In Singapore, in the immediate absence of a will naming a caregiver, it is likely that a child will first be placed under the care and protection of social services. Hence, it would be sensible for parents to appoint the guardian of their choice in their will. In most cases, the surviving parent of the child is appointed as the guardian. However, single mothers and those in second or subsequent marriages should ensure that their wills spell out exactly who they want to entrust their child to. This effectively eliminates any custody battles.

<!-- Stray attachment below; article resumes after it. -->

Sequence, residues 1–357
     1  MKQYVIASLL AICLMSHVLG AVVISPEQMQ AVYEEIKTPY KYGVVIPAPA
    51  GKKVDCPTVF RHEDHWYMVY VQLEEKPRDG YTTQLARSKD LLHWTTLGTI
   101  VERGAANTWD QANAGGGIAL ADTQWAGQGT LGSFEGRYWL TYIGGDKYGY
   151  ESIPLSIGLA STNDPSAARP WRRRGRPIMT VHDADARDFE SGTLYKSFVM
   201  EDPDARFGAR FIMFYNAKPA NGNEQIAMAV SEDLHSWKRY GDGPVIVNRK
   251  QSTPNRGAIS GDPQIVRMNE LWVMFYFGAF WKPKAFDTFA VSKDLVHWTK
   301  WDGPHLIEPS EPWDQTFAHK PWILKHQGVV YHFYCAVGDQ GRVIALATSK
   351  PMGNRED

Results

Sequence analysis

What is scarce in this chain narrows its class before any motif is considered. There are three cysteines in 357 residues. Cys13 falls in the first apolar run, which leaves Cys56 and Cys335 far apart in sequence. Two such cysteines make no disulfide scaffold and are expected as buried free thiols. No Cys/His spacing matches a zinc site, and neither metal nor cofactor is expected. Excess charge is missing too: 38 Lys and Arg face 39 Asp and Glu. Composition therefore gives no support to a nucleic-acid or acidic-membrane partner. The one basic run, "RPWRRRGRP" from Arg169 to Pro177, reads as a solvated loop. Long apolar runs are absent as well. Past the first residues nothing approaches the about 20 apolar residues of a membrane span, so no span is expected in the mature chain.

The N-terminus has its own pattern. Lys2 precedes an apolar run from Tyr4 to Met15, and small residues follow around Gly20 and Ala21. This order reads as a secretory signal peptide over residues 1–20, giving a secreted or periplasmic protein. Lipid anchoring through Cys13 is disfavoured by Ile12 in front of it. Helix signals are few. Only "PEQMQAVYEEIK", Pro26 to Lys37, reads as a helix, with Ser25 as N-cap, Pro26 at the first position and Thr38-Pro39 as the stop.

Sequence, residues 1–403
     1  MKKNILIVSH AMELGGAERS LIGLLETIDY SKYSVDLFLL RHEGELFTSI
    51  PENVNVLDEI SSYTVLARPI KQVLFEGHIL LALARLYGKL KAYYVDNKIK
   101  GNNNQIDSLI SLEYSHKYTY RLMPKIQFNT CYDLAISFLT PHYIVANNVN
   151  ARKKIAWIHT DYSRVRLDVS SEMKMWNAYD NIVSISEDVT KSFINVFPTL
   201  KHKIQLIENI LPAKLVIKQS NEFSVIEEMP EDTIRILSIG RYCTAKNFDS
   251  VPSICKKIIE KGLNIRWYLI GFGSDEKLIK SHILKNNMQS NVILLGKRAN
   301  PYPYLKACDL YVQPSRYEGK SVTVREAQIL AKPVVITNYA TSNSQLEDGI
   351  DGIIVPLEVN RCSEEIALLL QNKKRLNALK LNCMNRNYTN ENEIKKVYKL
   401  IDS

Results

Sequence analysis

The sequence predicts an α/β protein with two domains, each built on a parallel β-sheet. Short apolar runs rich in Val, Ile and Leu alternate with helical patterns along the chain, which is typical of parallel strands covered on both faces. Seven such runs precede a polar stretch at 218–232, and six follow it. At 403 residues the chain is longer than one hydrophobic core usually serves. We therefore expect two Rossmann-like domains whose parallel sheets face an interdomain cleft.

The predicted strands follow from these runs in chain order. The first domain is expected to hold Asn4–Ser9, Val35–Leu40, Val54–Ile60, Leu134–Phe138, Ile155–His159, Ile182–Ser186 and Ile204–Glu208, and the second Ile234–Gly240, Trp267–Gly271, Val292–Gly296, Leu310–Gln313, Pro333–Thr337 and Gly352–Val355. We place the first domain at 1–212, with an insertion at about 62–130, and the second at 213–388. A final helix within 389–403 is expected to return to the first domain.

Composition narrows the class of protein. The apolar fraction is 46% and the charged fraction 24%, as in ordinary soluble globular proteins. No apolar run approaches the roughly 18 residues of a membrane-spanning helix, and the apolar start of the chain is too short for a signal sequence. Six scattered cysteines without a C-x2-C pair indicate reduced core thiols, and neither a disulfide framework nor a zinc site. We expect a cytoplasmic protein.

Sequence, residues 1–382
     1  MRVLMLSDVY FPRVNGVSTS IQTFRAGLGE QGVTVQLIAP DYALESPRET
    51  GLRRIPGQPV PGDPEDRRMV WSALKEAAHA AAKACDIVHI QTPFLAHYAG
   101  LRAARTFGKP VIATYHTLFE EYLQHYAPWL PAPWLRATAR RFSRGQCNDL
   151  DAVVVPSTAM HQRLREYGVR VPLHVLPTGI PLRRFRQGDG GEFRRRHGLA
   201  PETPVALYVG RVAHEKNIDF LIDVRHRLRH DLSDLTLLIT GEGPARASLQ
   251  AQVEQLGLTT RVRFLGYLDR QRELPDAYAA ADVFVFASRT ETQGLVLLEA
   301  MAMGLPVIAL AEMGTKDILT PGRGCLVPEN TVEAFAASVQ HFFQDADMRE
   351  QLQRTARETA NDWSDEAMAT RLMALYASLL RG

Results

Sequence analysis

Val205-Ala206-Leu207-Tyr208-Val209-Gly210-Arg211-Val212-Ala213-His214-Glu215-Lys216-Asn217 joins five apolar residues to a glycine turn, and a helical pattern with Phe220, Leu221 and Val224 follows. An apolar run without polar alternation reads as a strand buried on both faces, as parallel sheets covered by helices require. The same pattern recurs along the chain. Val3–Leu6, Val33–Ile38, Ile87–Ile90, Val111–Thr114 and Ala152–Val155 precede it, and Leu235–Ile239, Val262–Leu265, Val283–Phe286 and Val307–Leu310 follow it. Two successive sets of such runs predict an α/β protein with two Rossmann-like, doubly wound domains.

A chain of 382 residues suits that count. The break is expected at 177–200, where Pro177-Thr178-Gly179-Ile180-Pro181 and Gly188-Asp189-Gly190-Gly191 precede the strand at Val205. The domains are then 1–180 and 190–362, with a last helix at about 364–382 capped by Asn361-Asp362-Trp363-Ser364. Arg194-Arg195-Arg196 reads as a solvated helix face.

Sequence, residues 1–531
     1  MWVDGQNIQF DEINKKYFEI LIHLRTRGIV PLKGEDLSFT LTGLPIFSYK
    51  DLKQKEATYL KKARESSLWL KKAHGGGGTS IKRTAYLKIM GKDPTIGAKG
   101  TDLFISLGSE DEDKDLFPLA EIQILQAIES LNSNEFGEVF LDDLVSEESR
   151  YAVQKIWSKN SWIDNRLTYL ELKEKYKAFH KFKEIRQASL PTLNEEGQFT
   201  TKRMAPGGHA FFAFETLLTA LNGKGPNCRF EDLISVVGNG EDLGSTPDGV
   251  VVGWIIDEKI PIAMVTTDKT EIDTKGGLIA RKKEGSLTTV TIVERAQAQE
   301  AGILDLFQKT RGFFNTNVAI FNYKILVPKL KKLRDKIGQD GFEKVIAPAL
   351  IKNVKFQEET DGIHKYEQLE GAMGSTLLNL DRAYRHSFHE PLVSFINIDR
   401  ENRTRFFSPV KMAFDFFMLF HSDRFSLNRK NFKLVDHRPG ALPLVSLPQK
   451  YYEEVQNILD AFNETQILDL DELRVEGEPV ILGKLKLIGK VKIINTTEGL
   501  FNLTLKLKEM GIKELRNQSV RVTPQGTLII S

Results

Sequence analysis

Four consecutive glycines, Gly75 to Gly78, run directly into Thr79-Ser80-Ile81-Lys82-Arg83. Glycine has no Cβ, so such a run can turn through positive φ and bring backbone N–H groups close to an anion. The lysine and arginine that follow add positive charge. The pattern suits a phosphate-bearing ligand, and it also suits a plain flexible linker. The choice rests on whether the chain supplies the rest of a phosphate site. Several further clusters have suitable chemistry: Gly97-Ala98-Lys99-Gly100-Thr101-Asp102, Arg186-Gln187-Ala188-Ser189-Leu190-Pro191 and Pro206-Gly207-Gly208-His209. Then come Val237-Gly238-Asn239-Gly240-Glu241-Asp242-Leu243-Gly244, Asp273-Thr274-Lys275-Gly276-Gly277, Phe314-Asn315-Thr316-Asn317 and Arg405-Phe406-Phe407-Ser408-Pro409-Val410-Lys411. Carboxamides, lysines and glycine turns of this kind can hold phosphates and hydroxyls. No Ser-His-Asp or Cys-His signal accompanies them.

When choosing a guardian it is best to appoint one that shares the same parenting style, values and religious beliefs as you. Once you’ve narrowed your list, approach them and ask how they would feel being the guardian of your child. In addition, you also need to outline the financial, physical and custodial arrangements for your child to your proposed guardian. These conversations might uncover their true feelings and attitudes that will help you make your final decision.